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Maji na Ufanisi continues to widen her scope on empowering the marginalized members of society through strategic collaboration initiatives that are aimed at providing an opportunity for the less privileged to better their lives in a fast growing socio-economic society.

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Abstract

The WASHEM model brings together County Governments and private sector, with technical support from Maji na Ufanisi, to rehabilitate existing public toilets which are then handed over to rehabilitated youths for management. The partnership also builds new facilities after extensive needs analysis. When building new facilities the County Government provides land while the private sector provides funds. The facilities are built, managed by Maji Na Ufanisi who guarantee the funds invested are recouped by the investor before handing them back to the County Government. MnU signs a Contracts and land lease agreements with the County Government so as to ensure that when County Government administration changes, the WASHEM facility is not affected.

Introduction

Sustainable Development Goal 6 seeks universal access to water and sanitation by 2030. According to UNICEF (2017) , universal implies all settings, not only to households, but also schools, health care facilities, workplaces and other public spaces. Urban informal settlements face daunting WASH challenges coupled with poverty which further limits access to WASH. Maji na Ufanisi has been in the WASH sector for over 22 years working with youth, persons with disabilities, women and the urban poor to advocate for improved WASH services.

Among Maji na Ufanisi’s lasting legacy in the WASH sector in Kenya is the Water, Sanitation and Hygiene Enterprise Model (WASHEM), an innovative approach to funding sustainable WASH practices in urban areas and marginalized rural areas. The WASHEM model is derived from Maji Na Ufanisi’s first pillar “Water supply and sanitation modeling” which promotes the uptake of appropriate models for pro-poor water and environmental sanitation solutions.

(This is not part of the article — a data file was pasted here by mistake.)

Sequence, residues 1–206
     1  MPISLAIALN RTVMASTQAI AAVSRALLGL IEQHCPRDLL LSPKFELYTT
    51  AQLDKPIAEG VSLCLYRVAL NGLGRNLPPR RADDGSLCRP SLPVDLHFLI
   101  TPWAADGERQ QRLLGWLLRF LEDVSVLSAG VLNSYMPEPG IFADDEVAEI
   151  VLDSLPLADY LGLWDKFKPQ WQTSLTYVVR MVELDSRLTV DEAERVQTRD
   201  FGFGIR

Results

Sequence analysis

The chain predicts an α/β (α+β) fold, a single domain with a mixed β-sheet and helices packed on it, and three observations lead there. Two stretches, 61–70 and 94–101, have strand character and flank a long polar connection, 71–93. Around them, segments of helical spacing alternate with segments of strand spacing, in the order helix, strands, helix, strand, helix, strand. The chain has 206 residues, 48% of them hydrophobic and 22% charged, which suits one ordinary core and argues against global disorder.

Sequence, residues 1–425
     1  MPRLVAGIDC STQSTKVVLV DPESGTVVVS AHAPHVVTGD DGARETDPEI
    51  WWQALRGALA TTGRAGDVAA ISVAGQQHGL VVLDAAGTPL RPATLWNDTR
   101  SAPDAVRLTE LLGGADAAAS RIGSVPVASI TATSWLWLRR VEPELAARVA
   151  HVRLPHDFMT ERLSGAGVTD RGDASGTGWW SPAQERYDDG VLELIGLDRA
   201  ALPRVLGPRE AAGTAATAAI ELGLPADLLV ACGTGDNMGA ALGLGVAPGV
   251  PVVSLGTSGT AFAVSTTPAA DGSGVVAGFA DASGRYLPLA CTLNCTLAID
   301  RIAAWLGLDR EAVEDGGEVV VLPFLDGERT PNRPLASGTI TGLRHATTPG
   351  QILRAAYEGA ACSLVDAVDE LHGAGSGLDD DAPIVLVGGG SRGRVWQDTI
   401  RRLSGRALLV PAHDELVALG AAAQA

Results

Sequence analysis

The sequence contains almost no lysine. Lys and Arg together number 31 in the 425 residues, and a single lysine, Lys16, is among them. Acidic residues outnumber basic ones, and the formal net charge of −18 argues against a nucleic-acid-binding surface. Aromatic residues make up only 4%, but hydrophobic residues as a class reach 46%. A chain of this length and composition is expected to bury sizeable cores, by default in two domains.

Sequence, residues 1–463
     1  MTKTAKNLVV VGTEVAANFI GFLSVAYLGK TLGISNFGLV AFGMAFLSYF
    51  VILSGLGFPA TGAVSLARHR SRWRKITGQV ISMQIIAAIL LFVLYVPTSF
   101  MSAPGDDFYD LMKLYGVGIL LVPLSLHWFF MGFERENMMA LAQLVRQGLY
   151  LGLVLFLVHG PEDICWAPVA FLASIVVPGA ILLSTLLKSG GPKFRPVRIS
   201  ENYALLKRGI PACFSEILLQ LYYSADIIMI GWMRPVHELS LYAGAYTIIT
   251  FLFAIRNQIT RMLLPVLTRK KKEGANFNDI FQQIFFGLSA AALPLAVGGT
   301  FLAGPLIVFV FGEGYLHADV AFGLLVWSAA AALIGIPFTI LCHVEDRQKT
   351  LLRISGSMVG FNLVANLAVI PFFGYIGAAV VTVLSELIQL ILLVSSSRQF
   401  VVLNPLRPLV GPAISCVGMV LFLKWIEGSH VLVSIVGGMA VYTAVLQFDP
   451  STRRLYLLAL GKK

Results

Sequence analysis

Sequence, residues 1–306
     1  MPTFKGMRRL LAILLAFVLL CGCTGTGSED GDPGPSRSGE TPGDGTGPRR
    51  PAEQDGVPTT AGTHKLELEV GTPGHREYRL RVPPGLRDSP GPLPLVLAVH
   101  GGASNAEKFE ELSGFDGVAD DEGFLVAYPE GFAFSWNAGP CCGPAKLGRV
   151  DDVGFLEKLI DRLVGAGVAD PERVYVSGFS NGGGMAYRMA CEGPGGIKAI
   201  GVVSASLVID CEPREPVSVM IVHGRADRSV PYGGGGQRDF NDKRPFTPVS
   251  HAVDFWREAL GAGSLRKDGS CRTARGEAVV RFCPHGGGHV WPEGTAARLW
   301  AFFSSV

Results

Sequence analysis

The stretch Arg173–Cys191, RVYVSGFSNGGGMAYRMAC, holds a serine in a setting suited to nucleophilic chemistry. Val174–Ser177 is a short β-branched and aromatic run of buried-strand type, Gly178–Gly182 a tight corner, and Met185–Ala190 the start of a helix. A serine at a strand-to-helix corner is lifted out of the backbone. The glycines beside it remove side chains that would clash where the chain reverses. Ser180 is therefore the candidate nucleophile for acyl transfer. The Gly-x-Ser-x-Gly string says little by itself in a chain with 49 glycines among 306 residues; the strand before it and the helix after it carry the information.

The WASHEM model brings together County Governments and private sector, with technical support from Maji na Ufanisi, to rehabilitate existing public toilets which are then handed over to rehabilitated youths for management. The partnership also builds new facilities after extensive needs analysis. When building new facilities the County Government provides land while the private sector provides funds. The facilities are built, managed by Maji Na Ufanisi who guarantees the funds invested are recouped by the investor before handing them back to the County Government. MnU signs a Contracts and land lease agreements with the County Government so as to ensure that when County Government administration changes, the WASHEM facility is not affected.

This twin track approach (PPP and youth rehabilitation) is at the heart of the WASHEM innovation. First is the public-private partnership that allows the private sector to support the government in improving access to services using a social enterprise model. The second track is rehabilitation of youth, women and people living with disabilities (PLWDs) and empowering them through training and gainful employment.  Rehabilitated youths are not permanently employed in the WASH facilities. Instead they are trained, mentored and equipped (through group formation and savings) to start their own businesses. Once this is done, a new batch of youth is employed creating a virtuous cycle of empowerment. At the core of the WASHEM model is sustainability.

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